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Plant Explosion at JCG Farms in Rockmart kills 1, others injured

Fox 5 Atlanta is reporting that fire & rescue teams responded to a plant explosion at JCG Farms in Rockmart, GA early Sunday morning.

One person has been killed, another was airlifted to the hospital, and several others were rushed to local hospitals by ambulance. Investigators are currently on the scene investigating the cause of the explosion.

Workplace accidents like this explosion at the JCG Farms in Rockmart are a reminder of how some dangerous workplace environments can lead to injuries or even death.

In the state of Georgia, death benefits stemming from workplace accidents are meant to help those who relied on the deceased for financial support. To measure your eligibility for death benefits, you must be able to show that you were dependent on the worker for your livelihood.

There are two parties that the law presumes are totally dependent and, therefore, automatically labels as eligible beneficiaries:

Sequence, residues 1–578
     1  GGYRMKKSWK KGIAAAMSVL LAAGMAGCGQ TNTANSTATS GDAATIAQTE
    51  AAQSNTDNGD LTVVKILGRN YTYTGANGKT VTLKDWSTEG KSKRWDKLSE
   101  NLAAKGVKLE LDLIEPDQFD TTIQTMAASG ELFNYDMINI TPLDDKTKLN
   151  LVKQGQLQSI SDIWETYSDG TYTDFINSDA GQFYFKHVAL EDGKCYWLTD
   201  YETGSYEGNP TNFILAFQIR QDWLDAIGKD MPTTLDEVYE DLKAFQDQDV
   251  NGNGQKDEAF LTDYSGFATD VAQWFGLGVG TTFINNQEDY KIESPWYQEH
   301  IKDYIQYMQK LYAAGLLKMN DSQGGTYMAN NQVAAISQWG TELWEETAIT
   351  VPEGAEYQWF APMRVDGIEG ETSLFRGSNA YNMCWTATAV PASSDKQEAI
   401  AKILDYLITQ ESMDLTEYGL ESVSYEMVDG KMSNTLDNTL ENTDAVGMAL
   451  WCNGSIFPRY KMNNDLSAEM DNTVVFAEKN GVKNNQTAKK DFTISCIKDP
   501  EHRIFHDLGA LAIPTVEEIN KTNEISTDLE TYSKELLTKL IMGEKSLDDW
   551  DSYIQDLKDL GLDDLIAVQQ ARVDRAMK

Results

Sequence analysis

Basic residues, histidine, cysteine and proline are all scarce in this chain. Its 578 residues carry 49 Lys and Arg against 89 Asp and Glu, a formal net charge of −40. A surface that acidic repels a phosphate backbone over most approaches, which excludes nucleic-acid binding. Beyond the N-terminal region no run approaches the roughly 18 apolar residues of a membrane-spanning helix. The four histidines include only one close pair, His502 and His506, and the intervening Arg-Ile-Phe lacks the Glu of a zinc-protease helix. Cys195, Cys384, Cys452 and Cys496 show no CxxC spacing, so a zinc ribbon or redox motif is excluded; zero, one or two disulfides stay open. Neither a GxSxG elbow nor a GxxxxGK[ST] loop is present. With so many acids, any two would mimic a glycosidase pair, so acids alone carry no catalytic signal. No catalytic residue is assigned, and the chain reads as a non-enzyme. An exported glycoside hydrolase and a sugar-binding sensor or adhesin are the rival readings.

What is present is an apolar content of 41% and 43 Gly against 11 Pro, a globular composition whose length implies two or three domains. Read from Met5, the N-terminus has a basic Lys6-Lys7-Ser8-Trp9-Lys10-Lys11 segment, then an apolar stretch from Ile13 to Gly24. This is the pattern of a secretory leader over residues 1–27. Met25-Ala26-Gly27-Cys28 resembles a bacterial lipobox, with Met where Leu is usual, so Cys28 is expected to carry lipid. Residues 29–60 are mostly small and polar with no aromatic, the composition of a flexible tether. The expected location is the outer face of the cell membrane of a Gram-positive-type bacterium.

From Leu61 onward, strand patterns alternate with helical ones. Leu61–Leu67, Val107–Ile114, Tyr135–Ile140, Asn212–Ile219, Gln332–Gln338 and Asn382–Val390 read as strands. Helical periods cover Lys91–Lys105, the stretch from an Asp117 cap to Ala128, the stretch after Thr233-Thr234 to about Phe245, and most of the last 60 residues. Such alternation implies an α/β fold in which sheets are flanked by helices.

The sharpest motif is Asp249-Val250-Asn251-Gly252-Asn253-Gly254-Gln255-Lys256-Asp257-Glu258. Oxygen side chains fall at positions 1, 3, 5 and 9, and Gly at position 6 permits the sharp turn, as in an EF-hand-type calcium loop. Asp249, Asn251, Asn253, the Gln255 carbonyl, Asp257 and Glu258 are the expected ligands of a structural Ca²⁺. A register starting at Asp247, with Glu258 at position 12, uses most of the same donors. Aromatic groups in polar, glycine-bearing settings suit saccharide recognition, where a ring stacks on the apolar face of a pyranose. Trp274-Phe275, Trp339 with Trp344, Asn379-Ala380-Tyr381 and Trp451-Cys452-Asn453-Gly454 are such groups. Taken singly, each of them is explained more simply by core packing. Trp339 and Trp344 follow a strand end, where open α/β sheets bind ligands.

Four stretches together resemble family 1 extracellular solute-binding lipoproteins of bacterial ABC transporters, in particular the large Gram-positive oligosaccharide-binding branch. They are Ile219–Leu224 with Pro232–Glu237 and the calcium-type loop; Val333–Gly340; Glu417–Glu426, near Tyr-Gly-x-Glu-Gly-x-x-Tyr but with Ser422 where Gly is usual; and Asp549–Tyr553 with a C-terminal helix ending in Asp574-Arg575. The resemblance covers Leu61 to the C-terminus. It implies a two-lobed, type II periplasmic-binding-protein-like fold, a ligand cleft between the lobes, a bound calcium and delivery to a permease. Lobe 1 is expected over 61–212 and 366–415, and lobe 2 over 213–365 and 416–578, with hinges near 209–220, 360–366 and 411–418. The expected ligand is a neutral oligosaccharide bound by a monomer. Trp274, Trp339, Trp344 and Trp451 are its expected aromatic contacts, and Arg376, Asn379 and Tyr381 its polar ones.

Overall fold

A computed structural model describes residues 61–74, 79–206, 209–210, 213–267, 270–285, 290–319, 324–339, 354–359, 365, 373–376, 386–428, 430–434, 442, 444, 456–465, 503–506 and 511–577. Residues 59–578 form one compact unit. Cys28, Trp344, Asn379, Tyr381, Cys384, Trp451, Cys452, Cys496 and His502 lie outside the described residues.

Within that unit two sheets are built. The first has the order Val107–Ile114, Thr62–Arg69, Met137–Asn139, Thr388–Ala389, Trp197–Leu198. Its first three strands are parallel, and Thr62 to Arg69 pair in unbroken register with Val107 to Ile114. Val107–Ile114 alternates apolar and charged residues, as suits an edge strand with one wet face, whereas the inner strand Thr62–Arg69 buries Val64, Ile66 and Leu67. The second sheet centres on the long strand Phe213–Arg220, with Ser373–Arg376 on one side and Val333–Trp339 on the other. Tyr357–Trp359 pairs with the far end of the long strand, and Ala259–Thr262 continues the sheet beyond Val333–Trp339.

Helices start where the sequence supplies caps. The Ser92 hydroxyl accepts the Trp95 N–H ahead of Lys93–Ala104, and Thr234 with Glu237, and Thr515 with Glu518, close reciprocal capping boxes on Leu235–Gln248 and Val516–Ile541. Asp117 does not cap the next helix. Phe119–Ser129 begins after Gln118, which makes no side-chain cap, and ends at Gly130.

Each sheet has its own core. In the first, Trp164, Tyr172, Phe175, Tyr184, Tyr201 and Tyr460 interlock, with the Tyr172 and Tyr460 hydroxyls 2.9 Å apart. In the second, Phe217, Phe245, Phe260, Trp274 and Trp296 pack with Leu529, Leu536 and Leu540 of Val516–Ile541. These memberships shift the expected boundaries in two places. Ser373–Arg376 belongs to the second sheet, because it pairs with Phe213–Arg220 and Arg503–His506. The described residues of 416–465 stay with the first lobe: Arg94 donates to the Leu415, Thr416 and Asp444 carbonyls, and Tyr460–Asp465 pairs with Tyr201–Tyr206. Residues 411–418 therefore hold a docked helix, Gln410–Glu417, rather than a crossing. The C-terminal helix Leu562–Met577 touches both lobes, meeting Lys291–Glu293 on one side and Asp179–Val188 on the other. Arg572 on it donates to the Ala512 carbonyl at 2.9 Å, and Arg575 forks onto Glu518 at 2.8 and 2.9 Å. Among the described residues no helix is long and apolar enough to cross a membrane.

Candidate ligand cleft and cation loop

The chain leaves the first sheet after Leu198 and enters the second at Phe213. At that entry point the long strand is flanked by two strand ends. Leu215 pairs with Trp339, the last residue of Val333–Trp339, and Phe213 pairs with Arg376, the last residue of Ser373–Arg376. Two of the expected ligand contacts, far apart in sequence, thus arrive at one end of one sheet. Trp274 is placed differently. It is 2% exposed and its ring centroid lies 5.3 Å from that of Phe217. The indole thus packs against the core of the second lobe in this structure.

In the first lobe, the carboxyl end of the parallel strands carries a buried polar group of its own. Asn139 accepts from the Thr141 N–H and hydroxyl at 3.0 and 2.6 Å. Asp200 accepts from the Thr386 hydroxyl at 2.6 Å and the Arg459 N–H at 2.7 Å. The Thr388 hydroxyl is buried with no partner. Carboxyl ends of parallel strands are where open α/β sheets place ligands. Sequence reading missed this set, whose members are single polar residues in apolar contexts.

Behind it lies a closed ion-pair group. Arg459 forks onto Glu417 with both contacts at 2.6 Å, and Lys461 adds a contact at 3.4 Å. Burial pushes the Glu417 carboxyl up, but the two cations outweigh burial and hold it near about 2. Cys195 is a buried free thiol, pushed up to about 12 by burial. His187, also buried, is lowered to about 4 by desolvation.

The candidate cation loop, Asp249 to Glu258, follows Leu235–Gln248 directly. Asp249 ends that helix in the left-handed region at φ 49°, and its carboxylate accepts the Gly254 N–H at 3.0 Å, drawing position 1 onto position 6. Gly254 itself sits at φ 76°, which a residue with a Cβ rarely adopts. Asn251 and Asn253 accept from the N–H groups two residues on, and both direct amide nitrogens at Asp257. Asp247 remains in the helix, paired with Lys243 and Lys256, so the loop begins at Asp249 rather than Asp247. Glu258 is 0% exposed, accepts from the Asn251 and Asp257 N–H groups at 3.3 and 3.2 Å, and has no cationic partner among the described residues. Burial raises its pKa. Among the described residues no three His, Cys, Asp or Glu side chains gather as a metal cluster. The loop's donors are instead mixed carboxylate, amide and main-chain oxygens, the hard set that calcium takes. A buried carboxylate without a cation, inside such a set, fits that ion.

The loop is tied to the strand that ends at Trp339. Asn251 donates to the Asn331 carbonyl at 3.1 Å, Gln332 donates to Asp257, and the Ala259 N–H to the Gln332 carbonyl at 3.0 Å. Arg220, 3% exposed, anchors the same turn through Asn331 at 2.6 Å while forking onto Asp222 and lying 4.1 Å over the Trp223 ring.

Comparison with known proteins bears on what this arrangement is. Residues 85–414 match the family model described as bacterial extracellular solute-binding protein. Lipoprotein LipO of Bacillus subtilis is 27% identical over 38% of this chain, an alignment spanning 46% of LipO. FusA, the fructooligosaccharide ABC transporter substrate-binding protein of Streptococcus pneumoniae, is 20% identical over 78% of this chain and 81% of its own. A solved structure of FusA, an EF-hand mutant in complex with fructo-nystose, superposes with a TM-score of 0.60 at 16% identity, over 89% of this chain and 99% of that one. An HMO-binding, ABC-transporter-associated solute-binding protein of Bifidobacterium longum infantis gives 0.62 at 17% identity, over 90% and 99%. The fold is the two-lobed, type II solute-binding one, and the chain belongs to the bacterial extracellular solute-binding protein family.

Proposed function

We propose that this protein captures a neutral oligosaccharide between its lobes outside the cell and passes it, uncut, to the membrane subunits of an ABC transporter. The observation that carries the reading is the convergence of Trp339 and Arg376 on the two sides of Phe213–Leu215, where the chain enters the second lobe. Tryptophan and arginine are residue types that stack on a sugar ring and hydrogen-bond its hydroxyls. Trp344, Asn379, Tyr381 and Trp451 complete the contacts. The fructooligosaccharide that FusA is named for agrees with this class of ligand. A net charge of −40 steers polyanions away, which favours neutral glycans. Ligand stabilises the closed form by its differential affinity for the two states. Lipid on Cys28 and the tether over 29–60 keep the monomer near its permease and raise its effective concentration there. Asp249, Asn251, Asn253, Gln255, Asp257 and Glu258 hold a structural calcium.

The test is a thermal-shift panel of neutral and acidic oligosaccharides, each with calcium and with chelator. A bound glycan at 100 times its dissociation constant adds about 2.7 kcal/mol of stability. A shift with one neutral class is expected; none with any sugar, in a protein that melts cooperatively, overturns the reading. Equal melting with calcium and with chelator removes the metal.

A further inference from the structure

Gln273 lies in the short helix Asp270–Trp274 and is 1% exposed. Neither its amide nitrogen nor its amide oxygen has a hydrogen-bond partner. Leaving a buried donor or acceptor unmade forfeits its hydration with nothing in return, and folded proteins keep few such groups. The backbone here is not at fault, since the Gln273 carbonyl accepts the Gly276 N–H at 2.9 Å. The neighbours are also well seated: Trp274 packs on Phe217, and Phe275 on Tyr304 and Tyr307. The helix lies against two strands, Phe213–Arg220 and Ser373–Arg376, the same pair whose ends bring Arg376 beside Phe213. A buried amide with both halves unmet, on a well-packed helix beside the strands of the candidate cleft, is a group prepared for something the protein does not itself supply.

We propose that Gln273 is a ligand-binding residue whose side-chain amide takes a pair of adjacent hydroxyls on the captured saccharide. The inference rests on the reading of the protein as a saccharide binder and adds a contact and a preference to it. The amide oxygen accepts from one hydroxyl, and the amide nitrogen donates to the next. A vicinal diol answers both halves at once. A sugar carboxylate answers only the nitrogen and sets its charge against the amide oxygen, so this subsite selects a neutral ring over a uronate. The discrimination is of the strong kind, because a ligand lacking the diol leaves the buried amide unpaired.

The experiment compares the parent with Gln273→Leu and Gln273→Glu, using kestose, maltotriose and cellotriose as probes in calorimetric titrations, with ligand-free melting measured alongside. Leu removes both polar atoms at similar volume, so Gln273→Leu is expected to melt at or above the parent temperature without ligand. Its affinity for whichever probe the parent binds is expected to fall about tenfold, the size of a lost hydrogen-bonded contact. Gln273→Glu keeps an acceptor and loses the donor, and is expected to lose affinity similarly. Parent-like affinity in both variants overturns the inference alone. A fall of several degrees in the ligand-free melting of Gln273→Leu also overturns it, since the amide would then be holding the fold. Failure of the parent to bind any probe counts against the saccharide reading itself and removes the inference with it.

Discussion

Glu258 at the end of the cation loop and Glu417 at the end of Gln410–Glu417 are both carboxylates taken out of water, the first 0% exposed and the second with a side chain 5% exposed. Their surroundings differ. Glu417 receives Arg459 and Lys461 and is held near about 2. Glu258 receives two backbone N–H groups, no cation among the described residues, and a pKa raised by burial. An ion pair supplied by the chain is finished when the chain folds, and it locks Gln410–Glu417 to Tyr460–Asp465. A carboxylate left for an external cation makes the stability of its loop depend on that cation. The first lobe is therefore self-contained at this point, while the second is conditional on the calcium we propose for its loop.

Spouse – legally married spouses are beneficiaries. However, if the couple was living separately for 90 days or more prior to the accident, the death benefits claim might be denied because it’s presumed the surviving spouse wasn’t dependent. Also, spouses of common-law marriages might not be eligible.

Children – Children under age 18 are dependents, and this includes any natural or stepchildren, legally adopted children, posthumous children and acknowledged children born out of wedlock. Other children who qualify include those older than 18 but incapable of earning a living due to a physical or mental disability and children younger than 22 who are enrolled full-time in college.

In addition to spouses and children, any other party that can prove they were dependent upon the deceased for support may be eligible for benefits. The Georgia State Board of Workers’ Compensation Procedural Manual provides, “In all other cases whether a person is wholly or partially dependent must be shown by facts establishing actual support in existence at the time of the injury or disease, which caused death, and for a period at least three months prior to the accident.” An example would be elderly parents or a mentally incapacitated sibling.

Duration of Death Benefits

For surviving spouses, death benefits will cease when the spouse remarries or openly cohabitates with a partner. For children, benefits will cease when they turn 18 (or 22 if they are enrolled in school). If a child beneficiary gets married before he or she turns 22, it does not affect his or her benefits.

Source: Fox 5 Atlanta

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Seth Bader
(678) 562-5595